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Q&A: Illinois coach Tim Beckman, Part I

Tim Beckman was hired as Illinois' next football coach on Dec. 9. Though he won't take over actual coaching duties until after the Illini play in the Kraft Fight Hunger Bowl against UCLA, he's been busy putting together his staff, recruiting and learning his new home. ESPN.com caught up with Beckman this week to try and get to know the former Toledo coach. Here is Part I of our Q&A; look for the second installment later on Wednesday.

How is the first week or so on the job going?

Tim Beckman: Good. I just got done with five hours of meetings with the juniors. They got done with practice, and I met with each junior for 15 minutes. Just trying to build relationships and bonds and get them to know who I am and get me to know who they are. It's been nonstop, hair's on fire and all that good stuff.

How much have you been watching bowl practices?

TB: Well, last week, of course, I was out on the road, trying to do as much as I could. Then we had a couple of official visits in for the last two weekends. But I went out Saturday to watch them practice and again Monday. I've got five hours of meetings with the sophomore and juniors coming up.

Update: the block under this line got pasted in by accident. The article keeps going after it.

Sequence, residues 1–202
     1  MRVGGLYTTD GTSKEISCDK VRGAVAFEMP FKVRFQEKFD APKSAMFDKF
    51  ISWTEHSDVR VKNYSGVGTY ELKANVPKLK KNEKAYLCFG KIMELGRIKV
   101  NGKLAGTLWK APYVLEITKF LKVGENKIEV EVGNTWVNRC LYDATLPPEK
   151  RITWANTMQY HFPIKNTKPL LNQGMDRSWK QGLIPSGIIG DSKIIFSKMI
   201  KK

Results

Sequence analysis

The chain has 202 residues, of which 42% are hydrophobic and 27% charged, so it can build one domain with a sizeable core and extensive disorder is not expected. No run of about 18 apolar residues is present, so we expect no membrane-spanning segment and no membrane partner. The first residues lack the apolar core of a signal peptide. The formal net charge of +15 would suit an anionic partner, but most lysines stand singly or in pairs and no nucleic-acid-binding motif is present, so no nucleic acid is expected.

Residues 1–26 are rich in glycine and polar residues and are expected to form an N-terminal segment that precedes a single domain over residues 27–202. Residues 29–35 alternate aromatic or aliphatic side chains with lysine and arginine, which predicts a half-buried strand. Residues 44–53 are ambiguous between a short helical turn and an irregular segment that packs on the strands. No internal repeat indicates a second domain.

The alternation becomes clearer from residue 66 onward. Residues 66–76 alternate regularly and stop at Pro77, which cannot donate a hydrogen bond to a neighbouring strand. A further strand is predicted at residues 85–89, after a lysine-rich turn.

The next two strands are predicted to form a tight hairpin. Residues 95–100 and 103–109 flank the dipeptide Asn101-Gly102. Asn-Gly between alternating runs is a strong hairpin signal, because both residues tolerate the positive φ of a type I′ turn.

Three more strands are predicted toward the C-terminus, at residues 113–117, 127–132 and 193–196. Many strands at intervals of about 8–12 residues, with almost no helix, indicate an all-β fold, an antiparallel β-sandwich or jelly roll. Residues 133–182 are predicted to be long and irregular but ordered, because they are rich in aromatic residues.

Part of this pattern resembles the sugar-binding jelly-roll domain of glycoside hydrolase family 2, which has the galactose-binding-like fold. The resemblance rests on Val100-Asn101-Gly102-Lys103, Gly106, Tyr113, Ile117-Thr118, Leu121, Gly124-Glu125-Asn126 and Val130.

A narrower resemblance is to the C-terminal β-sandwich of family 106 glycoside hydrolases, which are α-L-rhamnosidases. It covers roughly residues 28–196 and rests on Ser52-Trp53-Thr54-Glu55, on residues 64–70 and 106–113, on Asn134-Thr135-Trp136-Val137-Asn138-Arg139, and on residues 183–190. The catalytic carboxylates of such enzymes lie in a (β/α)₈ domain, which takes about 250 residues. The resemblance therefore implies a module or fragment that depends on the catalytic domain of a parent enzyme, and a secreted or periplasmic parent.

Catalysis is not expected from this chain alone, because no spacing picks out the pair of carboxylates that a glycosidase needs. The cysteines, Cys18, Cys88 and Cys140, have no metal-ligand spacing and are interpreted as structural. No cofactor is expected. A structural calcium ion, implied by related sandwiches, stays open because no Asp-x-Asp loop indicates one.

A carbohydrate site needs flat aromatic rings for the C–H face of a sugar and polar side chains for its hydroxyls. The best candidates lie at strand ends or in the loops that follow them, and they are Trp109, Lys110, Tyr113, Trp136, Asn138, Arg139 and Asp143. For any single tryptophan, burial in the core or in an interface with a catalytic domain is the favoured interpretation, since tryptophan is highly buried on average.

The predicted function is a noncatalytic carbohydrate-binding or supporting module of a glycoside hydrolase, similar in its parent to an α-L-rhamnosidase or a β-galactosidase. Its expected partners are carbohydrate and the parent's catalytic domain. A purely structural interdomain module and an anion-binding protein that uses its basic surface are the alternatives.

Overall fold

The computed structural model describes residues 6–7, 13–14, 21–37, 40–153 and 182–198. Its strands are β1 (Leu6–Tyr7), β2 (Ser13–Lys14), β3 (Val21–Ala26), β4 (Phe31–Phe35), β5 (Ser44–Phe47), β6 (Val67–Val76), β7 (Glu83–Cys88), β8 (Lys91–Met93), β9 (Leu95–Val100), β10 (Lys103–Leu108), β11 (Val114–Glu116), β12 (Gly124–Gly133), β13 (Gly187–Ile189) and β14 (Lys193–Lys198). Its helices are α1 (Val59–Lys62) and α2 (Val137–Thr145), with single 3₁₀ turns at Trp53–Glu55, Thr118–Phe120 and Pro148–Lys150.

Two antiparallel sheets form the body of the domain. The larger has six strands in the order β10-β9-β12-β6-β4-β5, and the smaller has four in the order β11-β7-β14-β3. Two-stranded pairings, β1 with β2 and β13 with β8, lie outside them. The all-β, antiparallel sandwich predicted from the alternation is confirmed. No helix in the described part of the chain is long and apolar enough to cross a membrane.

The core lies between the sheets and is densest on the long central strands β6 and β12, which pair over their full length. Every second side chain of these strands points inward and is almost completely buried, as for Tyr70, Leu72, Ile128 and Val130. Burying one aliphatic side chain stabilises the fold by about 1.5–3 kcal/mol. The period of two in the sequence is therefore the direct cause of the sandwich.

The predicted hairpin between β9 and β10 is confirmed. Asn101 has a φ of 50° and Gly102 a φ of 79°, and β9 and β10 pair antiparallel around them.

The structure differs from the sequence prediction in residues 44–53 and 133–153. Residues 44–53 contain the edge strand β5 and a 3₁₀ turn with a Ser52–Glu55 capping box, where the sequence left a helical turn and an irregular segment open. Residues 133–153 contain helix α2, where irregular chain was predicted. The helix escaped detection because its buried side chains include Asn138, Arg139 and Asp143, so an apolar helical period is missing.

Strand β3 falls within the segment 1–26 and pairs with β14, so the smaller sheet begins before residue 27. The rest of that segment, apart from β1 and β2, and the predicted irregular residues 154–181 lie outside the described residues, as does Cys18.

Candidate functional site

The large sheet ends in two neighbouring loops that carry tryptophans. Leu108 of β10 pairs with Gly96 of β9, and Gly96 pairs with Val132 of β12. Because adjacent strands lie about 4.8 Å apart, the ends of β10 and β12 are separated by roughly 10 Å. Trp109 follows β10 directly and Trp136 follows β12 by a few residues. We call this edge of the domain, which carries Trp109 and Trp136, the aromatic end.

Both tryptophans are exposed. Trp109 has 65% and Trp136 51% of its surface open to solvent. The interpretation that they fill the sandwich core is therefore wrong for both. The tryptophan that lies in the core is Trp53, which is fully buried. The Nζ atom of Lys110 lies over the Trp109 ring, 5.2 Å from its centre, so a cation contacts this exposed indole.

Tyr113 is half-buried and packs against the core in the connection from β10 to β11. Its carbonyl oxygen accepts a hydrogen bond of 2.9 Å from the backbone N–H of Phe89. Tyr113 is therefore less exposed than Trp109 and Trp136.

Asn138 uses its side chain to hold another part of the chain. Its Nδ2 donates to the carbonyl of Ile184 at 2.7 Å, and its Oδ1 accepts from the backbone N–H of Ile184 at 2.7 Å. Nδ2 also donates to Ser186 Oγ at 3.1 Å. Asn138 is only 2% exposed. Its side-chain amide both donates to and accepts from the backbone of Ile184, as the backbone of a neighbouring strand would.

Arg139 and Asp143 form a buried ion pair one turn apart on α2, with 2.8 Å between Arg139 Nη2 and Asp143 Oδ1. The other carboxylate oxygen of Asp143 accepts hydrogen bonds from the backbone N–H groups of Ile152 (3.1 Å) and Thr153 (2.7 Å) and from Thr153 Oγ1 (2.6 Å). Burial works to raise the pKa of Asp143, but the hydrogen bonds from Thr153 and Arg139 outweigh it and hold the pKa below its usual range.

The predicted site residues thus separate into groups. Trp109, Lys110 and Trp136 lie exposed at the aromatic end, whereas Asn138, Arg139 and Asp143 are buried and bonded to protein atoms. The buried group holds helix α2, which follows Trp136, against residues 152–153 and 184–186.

Are you attending the Kraft Fight Hunger Bowl?

TB: Yes, I am. I'm still trying to see if I can get to the [Dec. 28] Military Bowl to see the [Toledo] Rockets play, but I do have an obligation on the 29th in California. So we're trying to work both scenarios, because I would definitely like to see both teams play.

That's interesting. Why is it important to you to be at Toledo's game?

TB: They're family. I wouldn't be here if it wasn't for them, that's for sure. That's how I feel about it, and they know that. I went back for the senior banquet the Sunday after my [introductory news conference at Illinois] to pay tribute to the seniors and the families I got to know. They mean a lot to me.

What's it been like recruiting to a school you barely know yourself?

TB: I love it. I love recruiting and always have. I've been a recruiting coordinator and defensive coordinator at the same time. I did it for Urban [Meyer] at Bowling Green. I really enjoy recruiting. Of course, it was a little bit crazy, being that we didn't have any staff at the time because of the change. But it was great. Anybody can sell Illinois -- it's got great facilities, a great education. It was definitely a pleasure to go out and talk to the young men who were committed.

What kind of reaction did you receive on the recruiting trail?

TB: Change is always uneasy at first, and when they got to hear who was going to be their football coach, I think they were excited. Offensively, they know we've been very, very successful at Toledo. And defensively they know we're going to have a very aggressive defense and get ourselves to the football. A lot of them we kind of knew, being Ohio kids and Indiana kids and Illinois kids. There were a lot of players we had previously talked with at some time during their careers. So there were some similarities.